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    Could Earth’s ring of antimatter power spacecraft?


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    Could Earth’s ring of antimatter power spacecraft?

    Post  mudra on Thu Sep 26, 2013 1:33 pm

    Could Earth’s ring of antimatter power spacecraft?


    A belt of antimatter has been discovered circling the Earth, which in future could be used to fuel voyages that race at breakneck speeds to other planets in the Solar System.

    Antimatter has properties that are opposite those of normal matter – for example the positive charge on a proton is negative in an antiproton. When antimatter and normal matter come into contact, they annihilate spectacularly, releasing energy. The Italian-run PAMELA (Payload Antimatter Matter Exploration and Light Nuclei Astrophysics) satellite, launched in 2006, has found thousands of times more antiprotons than expected in a region of the innermost Van Allen radiation belt called the South Atlantic Anomaly. The anomaly appears to be a concentrated region of a much larger antimatter belt, and is the point at which the innermost radiation belt is nearest the Earth’s surface (an altitude of about 500 kilometres) and Earth’s magnetic field lines, which confine the belts, are at their weakest.

    James Bickford, the senior member of the technical staff at Draper Laboratory in Cambridge, Massachusetts, USA, has calculated that Earth’s antimatter belt contains 160 nanograms of antiprotons. This in itself doesn’t sound much – pure annihilation of this antimatter would produce just ten kilowatt-hours of energy – but it dwarfs the amount of antimatter that we can create in particle accelerators on Earth. (As an example, the Fermi National Accelerator Laboratory in Illinois, USA, would take an entire year, running up costs of millions of dollars, to create just one nanogram of antiprotons if the lab was used exclusively for that purpose.)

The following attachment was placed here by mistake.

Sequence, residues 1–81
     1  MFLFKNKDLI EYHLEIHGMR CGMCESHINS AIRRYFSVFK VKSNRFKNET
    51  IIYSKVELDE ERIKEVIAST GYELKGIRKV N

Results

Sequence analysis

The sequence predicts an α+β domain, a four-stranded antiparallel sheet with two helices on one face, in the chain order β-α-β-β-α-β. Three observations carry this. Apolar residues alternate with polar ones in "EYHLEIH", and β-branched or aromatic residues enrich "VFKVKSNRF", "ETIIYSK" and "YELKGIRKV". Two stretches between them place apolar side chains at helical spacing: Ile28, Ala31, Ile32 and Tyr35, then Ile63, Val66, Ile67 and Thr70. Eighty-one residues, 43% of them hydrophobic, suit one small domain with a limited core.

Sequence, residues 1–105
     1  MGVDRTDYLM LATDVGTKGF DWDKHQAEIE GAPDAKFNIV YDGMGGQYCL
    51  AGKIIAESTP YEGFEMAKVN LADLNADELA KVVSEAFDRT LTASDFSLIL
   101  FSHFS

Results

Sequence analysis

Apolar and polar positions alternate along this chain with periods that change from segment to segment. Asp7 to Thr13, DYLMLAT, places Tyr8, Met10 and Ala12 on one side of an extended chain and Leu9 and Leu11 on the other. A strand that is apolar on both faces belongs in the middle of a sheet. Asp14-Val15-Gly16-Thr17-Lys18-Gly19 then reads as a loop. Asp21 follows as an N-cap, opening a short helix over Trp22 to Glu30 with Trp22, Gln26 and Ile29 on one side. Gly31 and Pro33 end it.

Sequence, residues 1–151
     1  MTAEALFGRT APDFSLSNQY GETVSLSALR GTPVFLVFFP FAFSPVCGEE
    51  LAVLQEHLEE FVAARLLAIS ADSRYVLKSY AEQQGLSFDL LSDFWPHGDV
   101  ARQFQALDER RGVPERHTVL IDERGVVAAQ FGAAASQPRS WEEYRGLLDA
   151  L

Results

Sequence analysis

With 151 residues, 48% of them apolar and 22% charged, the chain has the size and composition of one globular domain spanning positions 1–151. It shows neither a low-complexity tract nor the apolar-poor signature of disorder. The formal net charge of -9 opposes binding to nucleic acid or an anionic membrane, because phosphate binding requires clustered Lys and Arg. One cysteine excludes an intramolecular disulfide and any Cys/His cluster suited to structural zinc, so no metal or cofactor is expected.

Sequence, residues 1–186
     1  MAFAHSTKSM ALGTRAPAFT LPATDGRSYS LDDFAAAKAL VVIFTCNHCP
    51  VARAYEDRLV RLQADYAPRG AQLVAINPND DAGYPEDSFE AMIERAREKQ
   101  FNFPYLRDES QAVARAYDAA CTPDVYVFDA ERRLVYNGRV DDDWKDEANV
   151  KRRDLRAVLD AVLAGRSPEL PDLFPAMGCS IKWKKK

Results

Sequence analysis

The antiprotons are produced via Earth’s interaction with incoming cosmic rays from beyond the Solar System. Cosmic rays are charged particles moving at close to the speed of light, ejected from phenomena such as supernovae and their remnants. When they encounter Earth’s atmosphere they collide with atmospheric molecules and decay via pair production into antiprotons and antineutrons. Because of their charge, the antiprotons are trapped on the magnetic field lines in which they form; those that form deeper into the atmosphere quickly annihilate with a particle of normal matter. However, antineutrons with no charge can escape back into space where they decay into antiprotons and become trapped in Earth’s magnetic field at much greater altitudes, where they can survive for years.

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